Police officers, some of them armed with batons and shields, clashed with Cambodia National Rescue Party lawmaker Mu Sochua and villagers yesterday as authorities cracked down on a public election forum at a private home in Battambang town.
Sochua said she and others were left with scratches on their arms after about 50 officers blocked villagers from accessing the forum, organised by the Cambodian Center for Independent Media’s Voice of Democracy program.
“Police were blocking them from coming,” she said. “They were threatening them, saying the event was not legal.
“More police came with shields and batons.… Police started pushing me away from villagers.”
The authorities, Sochua said, had “no grounds whatsoever” to say the conference – designed to answer villagers’ questions about the election – was illegal.
“It’s a huge violation of the rights of the people,” she continued. “It’s not democratic, it’s not helpful to the government and we condemn this type of behaviour.”
The incident took place in an area the opposition won in last month’s national election, Sochua said.
CNRP member Mounh Sarath said police had struck supporters with batons after blocking their path into the conference.
“We tried to negotiate, and eventually there was conflict between the people and the authorities, and police have hit them with sticks,” he said.
A video posted on Facebook shows a young woman screaming at a wall of riot police. After she penetrates their blockade – calling them “tyrants” – officers use their shields to force her back.
Sin Chan Pov Rozeth, 27,an SRP commune councillor, said police had closed off five streets in the area, while two people said they received minor injuries in the clashes.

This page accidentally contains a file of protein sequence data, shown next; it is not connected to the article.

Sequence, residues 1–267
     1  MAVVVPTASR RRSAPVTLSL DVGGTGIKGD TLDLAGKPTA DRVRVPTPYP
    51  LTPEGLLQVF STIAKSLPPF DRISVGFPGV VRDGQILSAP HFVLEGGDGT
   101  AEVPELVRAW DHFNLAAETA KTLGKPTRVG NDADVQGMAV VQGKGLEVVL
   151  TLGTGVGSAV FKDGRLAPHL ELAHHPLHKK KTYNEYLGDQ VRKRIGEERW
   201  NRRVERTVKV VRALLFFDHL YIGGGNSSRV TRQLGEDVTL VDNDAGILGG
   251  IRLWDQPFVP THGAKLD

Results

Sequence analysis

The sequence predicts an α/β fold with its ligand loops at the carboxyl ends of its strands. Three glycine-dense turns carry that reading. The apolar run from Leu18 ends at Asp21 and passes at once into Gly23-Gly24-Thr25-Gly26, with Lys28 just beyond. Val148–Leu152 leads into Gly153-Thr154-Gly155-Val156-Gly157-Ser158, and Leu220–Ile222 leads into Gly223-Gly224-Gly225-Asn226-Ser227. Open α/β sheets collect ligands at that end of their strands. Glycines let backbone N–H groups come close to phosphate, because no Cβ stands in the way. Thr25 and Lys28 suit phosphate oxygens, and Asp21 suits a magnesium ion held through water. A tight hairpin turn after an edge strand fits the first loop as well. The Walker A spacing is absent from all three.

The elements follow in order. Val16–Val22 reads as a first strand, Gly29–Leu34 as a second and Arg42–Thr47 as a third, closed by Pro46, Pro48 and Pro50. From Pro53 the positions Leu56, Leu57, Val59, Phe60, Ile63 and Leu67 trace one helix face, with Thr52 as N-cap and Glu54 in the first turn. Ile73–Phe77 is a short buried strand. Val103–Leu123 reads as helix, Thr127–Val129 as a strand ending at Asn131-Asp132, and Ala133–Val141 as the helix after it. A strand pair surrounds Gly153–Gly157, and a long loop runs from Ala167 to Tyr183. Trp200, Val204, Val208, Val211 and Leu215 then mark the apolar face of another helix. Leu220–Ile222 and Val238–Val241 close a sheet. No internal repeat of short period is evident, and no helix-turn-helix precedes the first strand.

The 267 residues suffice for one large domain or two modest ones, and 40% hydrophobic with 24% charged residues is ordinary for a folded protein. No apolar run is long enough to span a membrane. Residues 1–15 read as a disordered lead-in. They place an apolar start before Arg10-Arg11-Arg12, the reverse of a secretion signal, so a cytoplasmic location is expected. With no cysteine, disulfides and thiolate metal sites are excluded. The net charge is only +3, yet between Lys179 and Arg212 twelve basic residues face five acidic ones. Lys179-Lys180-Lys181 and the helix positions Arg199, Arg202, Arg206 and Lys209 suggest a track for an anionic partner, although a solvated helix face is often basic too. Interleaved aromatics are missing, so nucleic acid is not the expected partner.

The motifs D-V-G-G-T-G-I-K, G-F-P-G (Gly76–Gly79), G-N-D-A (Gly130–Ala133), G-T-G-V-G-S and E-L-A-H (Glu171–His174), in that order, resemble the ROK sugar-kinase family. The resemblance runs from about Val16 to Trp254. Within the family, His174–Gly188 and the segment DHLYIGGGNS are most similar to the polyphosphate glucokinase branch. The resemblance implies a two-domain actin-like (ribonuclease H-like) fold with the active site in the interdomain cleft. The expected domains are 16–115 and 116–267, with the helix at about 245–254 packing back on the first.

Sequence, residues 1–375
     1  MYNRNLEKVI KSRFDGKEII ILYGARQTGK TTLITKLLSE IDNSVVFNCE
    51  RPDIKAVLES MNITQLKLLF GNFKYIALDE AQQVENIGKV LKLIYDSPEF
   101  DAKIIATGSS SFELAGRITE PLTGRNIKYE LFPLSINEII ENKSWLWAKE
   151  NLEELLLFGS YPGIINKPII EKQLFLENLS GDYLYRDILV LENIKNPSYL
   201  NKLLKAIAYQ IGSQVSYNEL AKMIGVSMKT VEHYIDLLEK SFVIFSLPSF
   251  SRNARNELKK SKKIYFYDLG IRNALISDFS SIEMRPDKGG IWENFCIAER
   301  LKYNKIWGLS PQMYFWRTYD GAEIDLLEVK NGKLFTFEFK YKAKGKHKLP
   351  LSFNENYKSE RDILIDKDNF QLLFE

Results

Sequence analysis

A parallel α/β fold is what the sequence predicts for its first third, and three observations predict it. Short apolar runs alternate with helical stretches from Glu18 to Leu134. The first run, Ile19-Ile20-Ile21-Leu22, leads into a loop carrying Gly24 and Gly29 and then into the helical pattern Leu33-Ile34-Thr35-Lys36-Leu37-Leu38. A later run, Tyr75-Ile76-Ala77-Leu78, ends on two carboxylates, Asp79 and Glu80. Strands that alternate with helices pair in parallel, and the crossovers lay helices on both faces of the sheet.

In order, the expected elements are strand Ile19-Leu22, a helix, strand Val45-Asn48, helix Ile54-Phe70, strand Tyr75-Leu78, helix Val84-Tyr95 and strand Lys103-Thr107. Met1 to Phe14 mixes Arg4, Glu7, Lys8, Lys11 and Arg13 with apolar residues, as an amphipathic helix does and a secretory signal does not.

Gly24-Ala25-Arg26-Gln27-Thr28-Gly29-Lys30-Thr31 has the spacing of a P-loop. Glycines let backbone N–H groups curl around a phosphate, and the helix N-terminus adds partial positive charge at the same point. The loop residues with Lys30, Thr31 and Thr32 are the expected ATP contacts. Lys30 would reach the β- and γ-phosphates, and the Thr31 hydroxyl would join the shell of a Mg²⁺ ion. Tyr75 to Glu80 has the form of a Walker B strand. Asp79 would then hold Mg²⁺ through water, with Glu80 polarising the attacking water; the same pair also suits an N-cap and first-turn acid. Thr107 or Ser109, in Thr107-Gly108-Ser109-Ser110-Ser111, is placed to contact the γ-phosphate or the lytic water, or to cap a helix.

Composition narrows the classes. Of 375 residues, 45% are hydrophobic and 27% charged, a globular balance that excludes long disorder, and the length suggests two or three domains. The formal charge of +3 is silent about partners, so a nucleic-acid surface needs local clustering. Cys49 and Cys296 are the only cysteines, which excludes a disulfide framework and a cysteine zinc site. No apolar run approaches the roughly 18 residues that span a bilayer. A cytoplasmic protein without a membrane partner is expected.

Thuch Ra, Battambang town police chief, defended his officers’ conduct, saying they had simply tried to control “trouble makers”.
“They did not ask permission from the provincial level,” he said. “They asked for it from the commune – which said it did not have the capacity to allow it. So our force told people it was illegal and did not allow them to take part.”
But Chan Somaly, a CCIM communications officer, said the forum had been the same as ones her organisation had staged elsewhere before and since the election.
“This [response from police] is threatening people’s freedom of expression,” she said, adding CCIM had told authorities of the forum in advance.
Yin Mengly, provincial coordinator for rights group Adhoc, said there was nothing illegal about planning such an event.
“There’s no law saying legal permission must be requested and granted for an event like this,” he said. “This event was organised by an NGO, not a political party.… The Ministry of Interior says [they] must only inform the local authority five days before.”
Somaly, from CCIM, added that the ruling Cambodian People’s Party and the National Election Committee had also been invited to the forum but declined to attend.